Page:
In Tales of the Early InternetMashable explores online life through — back before social media and the smartphone changed everything. A nagging nostalgia, I suppose.
Affection for an internet long gone. A part of my life I hardly remember. A certain bored curiosity that comes with life in quarantine. The internet is a central part of my life now, even more than most. I make a living writing on the internet, about the internet. It fascinates me that Myspace could all but disappear from the daily habits of the perpetually online. What happens when a site that was once ubiquitous — the first stop on the internet for many — falls out of favor in a flash, leaving the bones of our old s behind?
The internet is alive and ever-changing, but this relic meant so much to me, a lates person barreling toward Beyond AIM, Myspace was the center of my generation's online universe at the time. We fretted over our Top 8, stressed over the perfect song, tried and failed to look cool in photos.
You can get a good sense of who I am in via my Twittermy writingmy websiteand countless other places online. I hoped my Myspace could remind me who I was back before iPhones were a thing. But I remembered nothing about my Myspace at the beginning of this journey. Top 8? No way.
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All of my current usernames turned up nothing. A tool my boss suggested turned up nada. I thought my profile was fully gone. Then, in a bit of wild irony I pretty much only use Facebook for its Memories feature these days. T for Tim, my first name and Mar for my last name, Marcin.
It was not a complicated nickname. It hit me! I used Tmar as a username for nearly everything back in the day. From there it was just a guessing game.
Just Tmar? Tmar16 — the of my favorite soccer player — nope. Eventually, I found it: Tmar There it was. There I was.
The profile was undoubtedly me, pictured in a high school soccer game. I look like a freshman? The memories were immediate. I think I played with that guy on a travel team once? Mike something? And then I hit another wall.
I could see that image but nothing else. My profile was restricted. A new issue to solve. I tried to -in.
I now knew Tmar19 was my username, but what was my password? My memory has never been that great and trying to remember a password from roughly a decade ago — yikes. I tried a few different passwords I thought might be what I used back then. No dice. I had no idea what address was connected to my Myspace. Onto the next challenge. After some wrong guesses, the correct address was, duh, [ protected] Sweet! This could be an easy fix. I went to AOL to try to -in and, nope, it was gone.
I got this message that told me the old had been axed due to inactivity. All I could think to do was try every combo that could maybe, possibly be the password to my Myspace.
Where is all my old stuff and what old stuff can be restored from classic myspace
I tried every last thing I could think of over the course of four days. I was rejected time and again.
I gave up for a bit, and then, I ed Myspace, not hoping for much. That same day — that very same day! Sure, we can help, just fill out this form. All I needed was a link and some basic info like my Myspace username, display name, address connected to thebirthday, and zip code connected to the. My long journey — what I thought might be an impossible one— was over. Getting into my Myspace was so easy I felt dumb. After a simple password reset and connecting a different address, I had Myspace again. But my steps were basically this:. Fill out this form My unique link had a ticket for service, so it may help to before filling it out The result, well, was kind of My profile photo was the only picture attached to my .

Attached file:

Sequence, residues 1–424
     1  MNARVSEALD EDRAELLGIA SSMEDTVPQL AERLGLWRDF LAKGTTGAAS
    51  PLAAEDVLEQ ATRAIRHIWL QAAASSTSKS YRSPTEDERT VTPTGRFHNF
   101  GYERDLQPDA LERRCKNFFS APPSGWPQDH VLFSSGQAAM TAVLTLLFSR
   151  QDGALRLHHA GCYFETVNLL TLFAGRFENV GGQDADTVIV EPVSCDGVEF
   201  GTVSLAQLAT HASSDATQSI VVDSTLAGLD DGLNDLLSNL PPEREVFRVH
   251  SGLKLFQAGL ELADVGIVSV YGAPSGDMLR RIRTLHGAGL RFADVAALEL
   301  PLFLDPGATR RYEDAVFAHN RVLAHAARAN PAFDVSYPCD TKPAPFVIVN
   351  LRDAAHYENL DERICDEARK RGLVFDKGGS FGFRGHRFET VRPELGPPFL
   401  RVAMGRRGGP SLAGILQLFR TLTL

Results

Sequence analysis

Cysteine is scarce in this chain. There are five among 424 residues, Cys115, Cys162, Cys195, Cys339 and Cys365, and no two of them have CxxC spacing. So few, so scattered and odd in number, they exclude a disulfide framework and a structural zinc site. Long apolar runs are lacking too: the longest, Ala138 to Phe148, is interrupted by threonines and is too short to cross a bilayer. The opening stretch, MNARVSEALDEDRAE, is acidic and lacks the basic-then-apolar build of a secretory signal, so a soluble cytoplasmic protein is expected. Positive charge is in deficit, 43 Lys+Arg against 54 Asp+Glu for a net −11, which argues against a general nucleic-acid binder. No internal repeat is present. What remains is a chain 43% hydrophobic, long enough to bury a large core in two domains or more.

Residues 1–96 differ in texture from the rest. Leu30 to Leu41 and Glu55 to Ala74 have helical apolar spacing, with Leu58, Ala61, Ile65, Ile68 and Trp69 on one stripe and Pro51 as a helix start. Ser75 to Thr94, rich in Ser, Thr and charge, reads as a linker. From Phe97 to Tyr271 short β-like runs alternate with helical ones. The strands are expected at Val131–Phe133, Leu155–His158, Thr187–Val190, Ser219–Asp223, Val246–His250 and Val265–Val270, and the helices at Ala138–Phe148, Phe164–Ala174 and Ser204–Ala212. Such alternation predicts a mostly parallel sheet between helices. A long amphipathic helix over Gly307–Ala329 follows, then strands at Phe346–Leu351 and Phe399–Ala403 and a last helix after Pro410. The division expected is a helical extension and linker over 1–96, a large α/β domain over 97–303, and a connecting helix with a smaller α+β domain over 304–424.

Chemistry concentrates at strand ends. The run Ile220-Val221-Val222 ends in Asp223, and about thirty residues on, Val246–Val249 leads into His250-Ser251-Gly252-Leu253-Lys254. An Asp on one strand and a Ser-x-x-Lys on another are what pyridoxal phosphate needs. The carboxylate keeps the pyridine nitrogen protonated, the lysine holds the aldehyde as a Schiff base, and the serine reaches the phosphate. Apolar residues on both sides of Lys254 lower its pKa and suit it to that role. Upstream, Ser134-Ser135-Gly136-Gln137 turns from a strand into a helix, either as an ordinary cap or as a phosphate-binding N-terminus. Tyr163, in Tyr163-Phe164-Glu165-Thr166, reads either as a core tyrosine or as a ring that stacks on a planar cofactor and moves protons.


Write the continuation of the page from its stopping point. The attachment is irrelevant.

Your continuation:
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Half the links were broken, images were error messages. There were zero old posts. There was no song. There was no special de to my beyond what Myspace auto-generated.
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I clicked through the bar of my profile. Photos, portfolio, and mixes all gave me nothing. The sheer emptiness might be because Myspace lost 12 years worth of user data a few years back. What a letdown. I logged off because it was late, and I had some TV to watch.
All that for just a skeleton of my former self. I revisited Myspace the next day. Sure, I had no real profile left, but some of my connections remained, 69 of them. I poked around. Most of the usernames were jumbled, some pictures were missing, but I could tell who everyone was.
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It was like going back in time. It felt like going through a vault, seeing these people when they were roughly 13 to 16 years old.
Most are now double that age. Our online images are ethereal and fluid; it felt like thumbing skin we all shed. It was a wonderful reminder of an internet that once was, when Myspace attracted more users than Google. I'm so jaded by the internet — which brims with misinformation, harassment, and abuse — that it was nice to wander around a less advanced, but certainly more fun, shell of the internet. It was a reminder of how it could be a joy to be online in the early s. Even now, it was addictive to go to a friend's husk of a Myspacethen click out to someone I just kind-of, sort-of knew.
Reflecting back, I could see how Facebook and Instagram took over the world. It was as if we all collectively understood at some point that the internet is about performance — wait, if other people are stalking s like I stalk s That perspective had yet to fully gel when I first used Myspace, though. I mean, look at this username of an old friend:. So pure.
Julie was her friend, so her username is about how much she loves her. No puns. No three-level-deep, irony-poisoned joke. No thought given to rolls eyes branding. God, those pictures.